General Counsel of Siro and UCD Diploma in Business and Executive Coaching Graduate Audrey O’Sullivan has had a busy year by any measure. Not only did she add an advanced coaching program at UCD to her degree, but she played a key role (along with colleagues) in the process that saw Siro, the broadband communications joint venture between Vodafone and ESB, deploy the only 100 per fiber optic broadband network, raise €620 million in funding from international and Irish banks, including the European Investment Bank in 2021.
She describes the funding agreement as a fantastic project to participate in. “I’ve been with Siro since the start in 2015,” she says. “We have over 420,000 homes and businesses passed now and are completing phase one and moving into phase two of our rollout. The funding project took all our energy this year and will fund our next growth spurt over the next five years.
To put its significance into context, the funding round will nearly double Siro’s reach to an additional 320,000 homes and businesses, bringing the total to 770,000 premises in 154 cities across Ireland.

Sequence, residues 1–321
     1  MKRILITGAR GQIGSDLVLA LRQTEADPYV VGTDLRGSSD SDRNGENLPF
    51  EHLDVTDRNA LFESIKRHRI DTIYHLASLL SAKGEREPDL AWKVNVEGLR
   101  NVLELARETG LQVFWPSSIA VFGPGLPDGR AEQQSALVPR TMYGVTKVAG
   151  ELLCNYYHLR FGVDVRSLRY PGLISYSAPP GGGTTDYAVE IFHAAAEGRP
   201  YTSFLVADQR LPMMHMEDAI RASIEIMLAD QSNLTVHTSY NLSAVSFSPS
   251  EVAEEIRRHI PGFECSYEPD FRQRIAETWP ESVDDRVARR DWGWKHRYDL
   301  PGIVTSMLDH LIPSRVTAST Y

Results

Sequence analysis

A corporate lawyer trained with McCann Fitzgerald, technology and communications have been recurring themes in her career. In the early days of telecommunications deregulation in Ireland, she worked with Ocean, a joint venture between BT and ESB, which at the time offered voice telephony services.
“It was at the very beginning of the deregulated market,” she recalls. “It was a challenger company trying to carve out a place in the market.”
She also spent five years as a senior adviser at BT Ireland before moving to the UK to join IT, intellectual property and fintech law firm Axiom Law. There, she worked on a secondment for three years with the payment company Worldpay.
“Worldpay separated from RBS after the global financial crash,” she explains. “There has been a lot of migration of technology systems from RBS to the new company and to a new technology platform. It was a very pleasant experience. The company went public just as I was returning to Ireland to join Siro in 2015.”
His journey with UCD Smurfit Executive Development began with the Diploma in Corporate Governance. His interest in the program was sparked by his work in a start-up company and the need to establish best-in-class corporate governance from the outset.